bluebell rust

May’s Fungi Focus: Bluebell Rust (Uromyces muscari) – part 1

by Jasper Sharp ~ 8 May, 2020 ~ 2 comments

Spring might be a wonderful season for nature lovers in general, but for those with a specialist interest in fungi, it can be something of a dry period. This past April has been drier than usual and, dare we mention it, the past couple of months of lockdown have kept many of us housebound anyway, with far fewer opportunities to get out and amongst it looking for things of interest.

So is there really not that much to see or discover around this time of year? Well, one might think so, but my own eyes were opened recently when Helen Baker on the British Mycological Society Facebook group organised a wonderfully touching initiative to mark the sad and untimely recent passing of the group’s moderator and founder, Richard Shotbolt, whose encouragement and advice has acted as a spur to many a fledgling mycologist over the years. Read more...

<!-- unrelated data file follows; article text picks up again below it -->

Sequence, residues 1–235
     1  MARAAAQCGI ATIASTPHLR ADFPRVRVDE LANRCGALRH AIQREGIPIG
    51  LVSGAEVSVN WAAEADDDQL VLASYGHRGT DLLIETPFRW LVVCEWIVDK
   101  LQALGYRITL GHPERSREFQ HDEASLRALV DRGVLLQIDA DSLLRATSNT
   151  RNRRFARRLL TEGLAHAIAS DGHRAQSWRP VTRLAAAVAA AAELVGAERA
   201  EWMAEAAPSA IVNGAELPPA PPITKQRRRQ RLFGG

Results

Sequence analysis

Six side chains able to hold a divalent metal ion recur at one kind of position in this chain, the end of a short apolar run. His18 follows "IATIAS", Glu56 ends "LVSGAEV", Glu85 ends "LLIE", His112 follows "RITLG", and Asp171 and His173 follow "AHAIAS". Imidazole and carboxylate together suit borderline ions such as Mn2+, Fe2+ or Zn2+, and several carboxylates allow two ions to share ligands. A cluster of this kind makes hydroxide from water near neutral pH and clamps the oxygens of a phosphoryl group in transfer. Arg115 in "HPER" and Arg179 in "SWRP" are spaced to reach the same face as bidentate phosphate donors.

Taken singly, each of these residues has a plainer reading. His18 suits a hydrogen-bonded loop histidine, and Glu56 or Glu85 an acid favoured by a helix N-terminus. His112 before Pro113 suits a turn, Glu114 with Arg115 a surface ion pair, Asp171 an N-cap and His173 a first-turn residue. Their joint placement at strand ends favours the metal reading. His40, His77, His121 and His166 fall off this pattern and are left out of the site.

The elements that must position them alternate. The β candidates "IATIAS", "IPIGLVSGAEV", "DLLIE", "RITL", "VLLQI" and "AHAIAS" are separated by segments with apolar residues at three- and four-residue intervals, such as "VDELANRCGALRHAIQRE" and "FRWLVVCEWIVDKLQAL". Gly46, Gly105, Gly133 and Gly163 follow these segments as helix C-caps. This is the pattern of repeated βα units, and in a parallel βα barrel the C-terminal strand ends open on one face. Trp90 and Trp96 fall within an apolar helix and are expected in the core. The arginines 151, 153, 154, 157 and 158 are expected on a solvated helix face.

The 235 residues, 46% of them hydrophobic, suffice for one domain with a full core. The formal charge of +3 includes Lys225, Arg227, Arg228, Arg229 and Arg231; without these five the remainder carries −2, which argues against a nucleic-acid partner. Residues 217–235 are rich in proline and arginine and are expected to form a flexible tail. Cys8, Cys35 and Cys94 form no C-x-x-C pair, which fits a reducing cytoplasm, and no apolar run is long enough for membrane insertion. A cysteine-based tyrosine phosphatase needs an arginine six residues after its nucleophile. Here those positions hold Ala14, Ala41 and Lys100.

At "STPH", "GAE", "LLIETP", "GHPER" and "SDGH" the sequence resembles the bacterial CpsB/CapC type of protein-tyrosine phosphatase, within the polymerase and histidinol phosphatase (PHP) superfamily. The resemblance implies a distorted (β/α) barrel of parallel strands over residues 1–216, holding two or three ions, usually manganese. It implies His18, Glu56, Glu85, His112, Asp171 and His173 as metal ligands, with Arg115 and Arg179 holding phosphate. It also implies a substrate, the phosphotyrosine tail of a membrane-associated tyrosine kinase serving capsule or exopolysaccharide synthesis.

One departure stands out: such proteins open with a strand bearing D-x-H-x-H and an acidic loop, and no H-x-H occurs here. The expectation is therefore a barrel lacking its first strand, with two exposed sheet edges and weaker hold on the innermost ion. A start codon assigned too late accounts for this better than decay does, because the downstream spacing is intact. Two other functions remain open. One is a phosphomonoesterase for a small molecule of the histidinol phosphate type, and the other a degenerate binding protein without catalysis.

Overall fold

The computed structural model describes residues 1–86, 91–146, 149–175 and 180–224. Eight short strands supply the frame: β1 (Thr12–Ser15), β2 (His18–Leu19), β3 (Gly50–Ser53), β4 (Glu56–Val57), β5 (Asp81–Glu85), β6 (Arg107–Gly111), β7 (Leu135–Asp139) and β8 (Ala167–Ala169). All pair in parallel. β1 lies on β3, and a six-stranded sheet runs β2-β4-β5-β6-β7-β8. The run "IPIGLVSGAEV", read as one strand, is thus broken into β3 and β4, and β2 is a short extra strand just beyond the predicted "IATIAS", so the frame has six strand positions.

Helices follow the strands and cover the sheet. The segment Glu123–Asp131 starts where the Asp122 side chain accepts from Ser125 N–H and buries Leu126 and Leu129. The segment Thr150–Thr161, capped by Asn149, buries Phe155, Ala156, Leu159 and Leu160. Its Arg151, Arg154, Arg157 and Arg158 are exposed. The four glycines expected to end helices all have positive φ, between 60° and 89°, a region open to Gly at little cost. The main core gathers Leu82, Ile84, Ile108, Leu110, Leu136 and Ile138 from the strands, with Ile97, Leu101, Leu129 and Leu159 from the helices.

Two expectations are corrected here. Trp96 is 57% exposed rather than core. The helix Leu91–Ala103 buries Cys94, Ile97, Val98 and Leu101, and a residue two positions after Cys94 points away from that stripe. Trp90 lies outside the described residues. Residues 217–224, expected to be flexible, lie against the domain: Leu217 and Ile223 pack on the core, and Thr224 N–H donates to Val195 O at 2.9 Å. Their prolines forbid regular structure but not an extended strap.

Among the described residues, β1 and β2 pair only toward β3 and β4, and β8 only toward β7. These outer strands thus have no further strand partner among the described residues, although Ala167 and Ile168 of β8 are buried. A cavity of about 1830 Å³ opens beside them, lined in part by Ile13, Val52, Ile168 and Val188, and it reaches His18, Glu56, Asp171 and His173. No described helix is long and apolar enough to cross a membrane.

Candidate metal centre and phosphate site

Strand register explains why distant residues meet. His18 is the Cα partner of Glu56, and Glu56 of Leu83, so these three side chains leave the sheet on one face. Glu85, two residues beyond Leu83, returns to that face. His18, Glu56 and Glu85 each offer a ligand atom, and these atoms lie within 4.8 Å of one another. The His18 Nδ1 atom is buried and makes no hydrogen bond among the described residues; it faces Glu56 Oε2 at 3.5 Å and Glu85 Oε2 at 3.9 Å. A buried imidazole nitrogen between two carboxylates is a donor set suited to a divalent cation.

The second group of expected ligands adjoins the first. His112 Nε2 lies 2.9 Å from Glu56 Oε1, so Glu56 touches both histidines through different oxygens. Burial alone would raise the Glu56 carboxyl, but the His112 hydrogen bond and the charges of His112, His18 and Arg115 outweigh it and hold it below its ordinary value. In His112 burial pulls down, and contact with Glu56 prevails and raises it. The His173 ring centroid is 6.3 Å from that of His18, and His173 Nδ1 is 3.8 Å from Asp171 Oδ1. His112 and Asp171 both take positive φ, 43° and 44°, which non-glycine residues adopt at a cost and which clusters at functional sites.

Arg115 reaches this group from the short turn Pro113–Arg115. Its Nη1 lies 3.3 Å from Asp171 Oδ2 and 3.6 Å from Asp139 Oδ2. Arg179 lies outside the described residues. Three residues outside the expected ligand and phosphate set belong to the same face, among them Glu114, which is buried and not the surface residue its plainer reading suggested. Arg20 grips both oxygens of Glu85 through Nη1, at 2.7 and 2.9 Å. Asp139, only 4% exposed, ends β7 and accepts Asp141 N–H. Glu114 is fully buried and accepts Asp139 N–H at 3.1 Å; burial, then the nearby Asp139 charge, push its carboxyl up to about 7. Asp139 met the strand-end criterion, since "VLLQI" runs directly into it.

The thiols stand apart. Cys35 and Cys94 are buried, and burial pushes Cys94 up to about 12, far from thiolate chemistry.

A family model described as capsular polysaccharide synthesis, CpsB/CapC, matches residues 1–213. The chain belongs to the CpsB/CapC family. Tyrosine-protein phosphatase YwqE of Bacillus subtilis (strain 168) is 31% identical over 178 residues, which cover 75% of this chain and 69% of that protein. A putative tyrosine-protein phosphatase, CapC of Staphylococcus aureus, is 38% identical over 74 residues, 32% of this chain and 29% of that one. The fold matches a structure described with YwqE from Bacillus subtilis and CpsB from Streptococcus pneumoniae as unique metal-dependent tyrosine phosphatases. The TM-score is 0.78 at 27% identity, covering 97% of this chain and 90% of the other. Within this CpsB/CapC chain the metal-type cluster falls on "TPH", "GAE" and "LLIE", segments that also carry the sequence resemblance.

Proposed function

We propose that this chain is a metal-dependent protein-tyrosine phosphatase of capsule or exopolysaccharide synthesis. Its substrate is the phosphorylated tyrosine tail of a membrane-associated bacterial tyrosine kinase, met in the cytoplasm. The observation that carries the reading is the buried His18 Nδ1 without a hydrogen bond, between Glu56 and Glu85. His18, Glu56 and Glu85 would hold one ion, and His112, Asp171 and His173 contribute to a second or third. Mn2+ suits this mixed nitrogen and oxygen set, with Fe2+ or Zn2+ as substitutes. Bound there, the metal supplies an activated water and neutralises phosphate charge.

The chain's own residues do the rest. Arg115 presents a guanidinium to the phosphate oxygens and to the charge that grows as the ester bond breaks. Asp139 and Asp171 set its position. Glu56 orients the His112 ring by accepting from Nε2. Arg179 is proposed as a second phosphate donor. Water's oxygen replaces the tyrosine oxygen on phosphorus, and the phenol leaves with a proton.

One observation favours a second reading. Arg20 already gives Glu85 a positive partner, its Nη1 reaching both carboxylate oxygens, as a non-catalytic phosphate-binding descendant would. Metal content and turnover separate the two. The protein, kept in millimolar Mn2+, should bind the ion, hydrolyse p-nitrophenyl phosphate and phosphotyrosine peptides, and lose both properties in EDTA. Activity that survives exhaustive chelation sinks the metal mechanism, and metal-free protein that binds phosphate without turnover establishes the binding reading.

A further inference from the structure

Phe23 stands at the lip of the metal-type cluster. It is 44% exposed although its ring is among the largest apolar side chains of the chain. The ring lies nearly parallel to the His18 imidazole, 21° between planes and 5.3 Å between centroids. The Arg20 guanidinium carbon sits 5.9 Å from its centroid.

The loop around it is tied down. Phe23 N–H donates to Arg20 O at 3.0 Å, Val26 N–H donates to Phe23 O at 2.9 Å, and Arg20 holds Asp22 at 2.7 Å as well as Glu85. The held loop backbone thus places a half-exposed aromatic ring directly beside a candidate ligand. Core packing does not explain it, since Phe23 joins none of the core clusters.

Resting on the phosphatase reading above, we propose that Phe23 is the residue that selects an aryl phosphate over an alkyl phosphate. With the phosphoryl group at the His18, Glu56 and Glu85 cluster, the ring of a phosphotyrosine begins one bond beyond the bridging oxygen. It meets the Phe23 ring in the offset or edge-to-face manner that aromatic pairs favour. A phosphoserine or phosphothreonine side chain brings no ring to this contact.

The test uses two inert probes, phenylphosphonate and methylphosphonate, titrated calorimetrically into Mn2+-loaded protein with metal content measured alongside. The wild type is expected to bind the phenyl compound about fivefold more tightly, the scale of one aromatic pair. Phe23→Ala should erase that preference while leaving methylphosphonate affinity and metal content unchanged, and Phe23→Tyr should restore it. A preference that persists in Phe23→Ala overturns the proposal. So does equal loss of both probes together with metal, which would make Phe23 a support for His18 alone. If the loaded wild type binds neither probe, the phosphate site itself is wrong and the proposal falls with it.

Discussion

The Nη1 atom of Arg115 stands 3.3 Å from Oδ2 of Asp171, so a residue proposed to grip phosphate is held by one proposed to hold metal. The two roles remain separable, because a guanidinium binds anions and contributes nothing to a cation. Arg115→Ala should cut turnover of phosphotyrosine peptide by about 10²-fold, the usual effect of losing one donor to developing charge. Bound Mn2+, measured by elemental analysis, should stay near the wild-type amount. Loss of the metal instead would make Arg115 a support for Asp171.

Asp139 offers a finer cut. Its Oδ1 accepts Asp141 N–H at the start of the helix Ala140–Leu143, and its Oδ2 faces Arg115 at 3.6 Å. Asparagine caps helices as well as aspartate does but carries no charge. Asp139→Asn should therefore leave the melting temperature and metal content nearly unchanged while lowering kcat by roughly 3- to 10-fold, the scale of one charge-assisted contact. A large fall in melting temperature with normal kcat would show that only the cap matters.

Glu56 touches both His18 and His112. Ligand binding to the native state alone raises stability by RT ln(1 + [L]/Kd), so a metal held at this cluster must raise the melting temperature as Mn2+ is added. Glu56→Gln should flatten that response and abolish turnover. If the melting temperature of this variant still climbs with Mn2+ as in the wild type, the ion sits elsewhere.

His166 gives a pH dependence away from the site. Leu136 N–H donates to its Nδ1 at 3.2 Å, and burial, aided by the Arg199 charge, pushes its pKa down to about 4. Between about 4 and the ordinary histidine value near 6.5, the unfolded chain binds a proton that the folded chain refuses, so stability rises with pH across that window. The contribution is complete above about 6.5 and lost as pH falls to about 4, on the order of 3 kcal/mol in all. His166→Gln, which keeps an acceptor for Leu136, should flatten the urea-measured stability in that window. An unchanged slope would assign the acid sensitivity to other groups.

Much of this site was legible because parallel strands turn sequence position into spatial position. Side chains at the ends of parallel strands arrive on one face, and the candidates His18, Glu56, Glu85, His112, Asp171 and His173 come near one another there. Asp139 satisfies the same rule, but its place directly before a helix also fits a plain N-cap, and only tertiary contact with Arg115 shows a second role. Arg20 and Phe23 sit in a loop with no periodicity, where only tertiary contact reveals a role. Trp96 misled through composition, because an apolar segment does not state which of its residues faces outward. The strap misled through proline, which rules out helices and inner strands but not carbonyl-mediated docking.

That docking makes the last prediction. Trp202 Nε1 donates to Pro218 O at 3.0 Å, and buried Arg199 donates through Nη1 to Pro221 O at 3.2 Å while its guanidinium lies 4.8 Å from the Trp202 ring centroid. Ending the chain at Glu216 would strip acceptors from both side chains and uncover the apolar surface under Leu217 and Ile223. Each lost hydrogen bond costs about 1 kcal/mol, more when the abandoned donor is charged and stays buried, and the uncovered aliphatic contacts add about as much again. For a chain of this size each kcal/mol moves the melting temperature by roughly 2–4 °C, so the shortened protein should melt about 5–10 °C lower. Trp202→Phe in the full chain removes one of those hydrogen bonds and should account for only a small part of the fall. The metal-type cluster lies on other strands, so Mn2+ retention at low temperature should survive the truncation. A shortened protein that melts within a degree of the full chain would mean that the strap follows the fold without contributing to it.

The Birch Mazegill (Trametes betulina)

April’s Fungi Focus: Lumpy Bracket (Trametes gibbosa) and Birch Mazegill (Trametes betulina)

by Jasper Sharp ~ 1 April, 2020 ~ comments welcome

Mushrooms may be thin on the forest floor at the moment, but if you raise your eyes you can find more permanent fixtures higher up on tree trunks and stumps in the form of a surprisingly diverse array of tough and hard-wearing bracket fungi. It is a class I have tended to avoid, largely because many of them look so similar, but also because they can be quite difficult to manipulate into aesthetically pleasing photographic compositions. However, this is only if you look at them from a certain angle.

Anyone who has ever expressed an interest in the mycological world may well be familiar with the frustrating habit some friends have of sending them “What is it?” messages alongside blurry smartphone snaps of the top of the nondescript muddy brown shelves of certain finds. The crucial thing one has to remember about bracket fungi is always to look underneath.  Read more...